• All
  • Articles
  • Videos
  • Plants
  • Recipes
  • Members

New Guinea Impatiens Culture

Comments ()  |   |  Text size: a A  |  Report Abuse  |  Print
close

Report This Article

New Guinea Impatiens Culture

Reason for flagging?

Comments

Submit

Share:    |  Email  |  Bookmark and Share

Overview

First introduced into the United States by Longwood Gardens in 1970, New Guinea impatiens comprise hybrid impatiens that possess more rigid and ornate foliage and brightly colored flowers in comparison to the usual impatiens (Impatiens walleriana). Moreover, New Guinea impatiens were bred for their tolerance of sunnier garden locations. Not surviving frost, these plants will be evergreen perennials in U.S. Department of Agriculture winter hardiness zones 9 and warmer.

Starting New Plants

In order to maintain the exact same physical qualities of the mother plant, New Guinea impatiens are propagated by cuttings, not seeds (which yield variable progeny). The 2-inch-long stem cuttings that have no more than two leaves on them are placed in sterile, soil-less potting media in containers. According to Auburn University, the cuttings will take root in about 14 days if the cuttings are misted during the day and kept at a temperature between 70 to 75 degrees F.

Light Needs

Once cuttings have developed their root systems and begin growing new leaves, plants can be transplanted to the garden if there is not threat of frost. Choose a site that has bright indirect light most of the day, but as much as six hours of direct sun rays during the day. Ideally, ensure that the direct sunlight hits the plants either in the early morning or early evening. If the direct sun rays reach the plants in midday, wilting may occur. In cool summer regions (such as in southern Canada, central Europe and the northernmost United States) more sunlight is tolerated, but in long, hot summer regions more bright shade is recommended. Be aware that insufficient light will cause the variegation or special leaf colors on New Guinea impatiens to dull, and flowering may also diminish.

Soil

In the garden setting, choose an area that has a moist, well-draining soil (sandy or loam) that is crumbly and rich in organic matter. It is best to avoid soil that is alkaline in pH (over 7.2). Avoid soils that are heavy clay or remain soggy after irrigation or rain. In containers, plant New Guinea impatiens in a soil-less potting mix. Do not use a topsoil as it will compact and harden in the container.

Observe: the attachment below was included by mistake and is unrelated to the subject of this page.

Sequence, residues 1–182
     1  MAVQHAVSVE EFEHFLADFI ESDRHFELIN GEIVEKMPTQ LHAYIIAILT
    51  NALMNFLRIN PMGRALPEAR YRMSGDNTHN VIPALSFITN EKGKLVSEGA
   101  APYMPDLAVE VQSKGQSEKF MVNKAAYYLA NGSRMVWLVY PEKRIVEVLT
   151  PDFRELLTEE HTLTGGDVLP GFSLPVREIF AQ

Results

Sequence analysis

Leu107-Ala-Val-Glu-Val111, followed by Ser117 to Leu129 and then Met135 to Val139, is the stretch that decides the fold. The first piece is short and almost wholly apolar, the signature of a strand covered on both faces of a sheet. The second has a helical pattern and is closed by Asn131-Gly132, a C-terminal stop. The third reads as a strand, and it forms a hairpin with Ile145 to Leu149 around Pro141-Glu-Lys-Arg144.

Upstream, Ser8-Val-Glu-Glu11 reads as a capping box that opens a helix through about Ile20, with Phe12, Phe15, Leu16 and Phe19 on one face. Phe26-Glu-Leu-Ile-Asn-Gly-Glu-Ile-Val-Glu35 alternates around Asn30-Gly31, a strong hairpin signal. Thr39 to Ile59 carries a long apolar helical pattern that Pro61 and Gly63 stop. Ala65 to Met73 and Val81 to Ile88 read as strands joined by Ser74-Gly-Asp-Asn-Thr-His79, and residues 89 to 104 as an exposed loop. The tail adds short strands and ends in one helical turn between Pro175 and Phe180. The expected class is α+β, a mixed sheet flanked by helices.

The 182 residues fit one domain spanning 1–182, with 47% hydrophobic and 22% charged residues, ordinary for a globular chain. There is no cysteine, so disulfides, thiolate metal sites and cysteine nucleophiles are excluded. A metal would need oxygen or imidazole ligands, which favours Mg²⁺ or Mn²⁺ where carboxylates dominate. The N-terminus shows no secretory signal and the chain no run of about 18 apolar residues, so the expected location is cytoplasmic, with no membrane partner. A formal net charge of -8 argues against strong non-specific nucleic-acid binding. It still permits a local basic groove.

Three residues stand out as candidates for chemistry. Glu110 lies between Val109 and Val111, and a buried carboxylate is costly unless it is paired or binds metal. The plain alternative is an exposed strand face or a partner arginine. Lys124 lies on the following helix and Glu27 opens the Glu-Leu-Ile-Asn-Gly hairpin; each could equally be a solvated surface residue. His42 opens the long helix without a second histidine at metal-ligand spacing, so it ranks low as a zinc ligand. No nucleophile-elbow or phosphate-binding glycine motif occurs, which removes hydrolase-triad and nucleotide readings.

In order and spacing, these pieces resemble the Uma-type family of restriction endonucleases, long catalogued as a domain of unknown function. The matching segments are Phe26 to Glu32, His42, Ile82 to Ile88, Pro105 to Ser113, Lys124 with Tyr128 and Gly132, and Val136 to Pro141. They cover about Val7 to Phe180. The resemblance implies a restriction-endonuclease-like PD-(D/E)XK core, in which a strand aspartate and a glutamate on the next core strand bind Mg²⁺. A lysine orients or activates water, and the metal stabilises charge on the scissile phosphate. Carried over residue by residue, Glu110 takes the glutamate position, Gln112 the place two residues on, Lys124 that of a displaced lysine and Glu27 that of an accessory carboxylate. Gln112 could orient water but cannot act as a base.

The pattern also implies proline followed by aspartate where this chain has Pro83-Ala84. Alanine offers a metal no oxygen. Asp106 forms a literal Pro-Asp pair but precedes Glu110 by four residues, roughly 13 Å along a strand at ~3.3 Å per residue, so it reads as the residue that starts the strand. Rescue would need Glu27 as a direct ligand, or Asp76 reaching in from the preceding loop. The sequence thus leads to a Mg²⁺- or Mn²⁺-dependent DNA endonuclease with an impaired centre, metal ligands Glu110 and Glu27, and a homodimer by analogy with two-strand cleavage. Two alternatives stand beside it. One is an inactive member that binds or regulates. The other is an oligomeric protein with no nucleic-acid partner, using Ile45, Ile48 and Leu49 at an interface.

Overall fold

Watering Regimen

According to the plant breeders at Oglevee Limited, a subsidiary of the Paul Ecke Ranch, New Guinea impatiens need a lot of watering to remain lush and healthy. Apply water to keep the soil evenly moist, but not soggy, which encourages fungal diseases. These hybrid impatiens can slightly wilt without detriment as they will quickly rebound if watered promptly. Hotter temperatures, sandier soils, more direct sunlight, and plants grown in containers are circumstances that warrant more frequent monitoring and watering.

Fertilization Requirements

New Guinea impatiens need a fertile soil—often that alone will sustain plants during a summer growing season. Oglevee Limited regards these plants as "moderate feeders," meaning they need some soil nutrition, but do not need a lot of liquid fertilizer applications to perform well. Using a well-balanced water soluble fertilizer (such as 10-10-10) suffices when applied to product label directions and supplied to plants once every two to four weeks. If soils are lacking nutrition, leaves will turn yellow, prematurely drop, or the size of flowers will be smaller than usual. Also, if soils lack magnesium, the foliage will become yellow-green. A tablespoon of epsom salts (magnesium sulfate) in a gallon of water can be applied at any time and repetition to New Guinea impatiens to prevent leaf yellowing.

Keywords: New Guinea impatiens, sun loving impatiens, colorful foliage impatiens

About this Author

James Burghardt has written for "The Public Garden," "Docent Educator," nonprofit newsletters and for horticultural databases, becoming a full-time writer in 2008. He's gardened and worked professionally at public and private gardens in Colorado, Florida, Minnesota, New York, North Carolina and Pennsylvania. He has written articles for eHow and GardenGuides.

Member Calendar Entries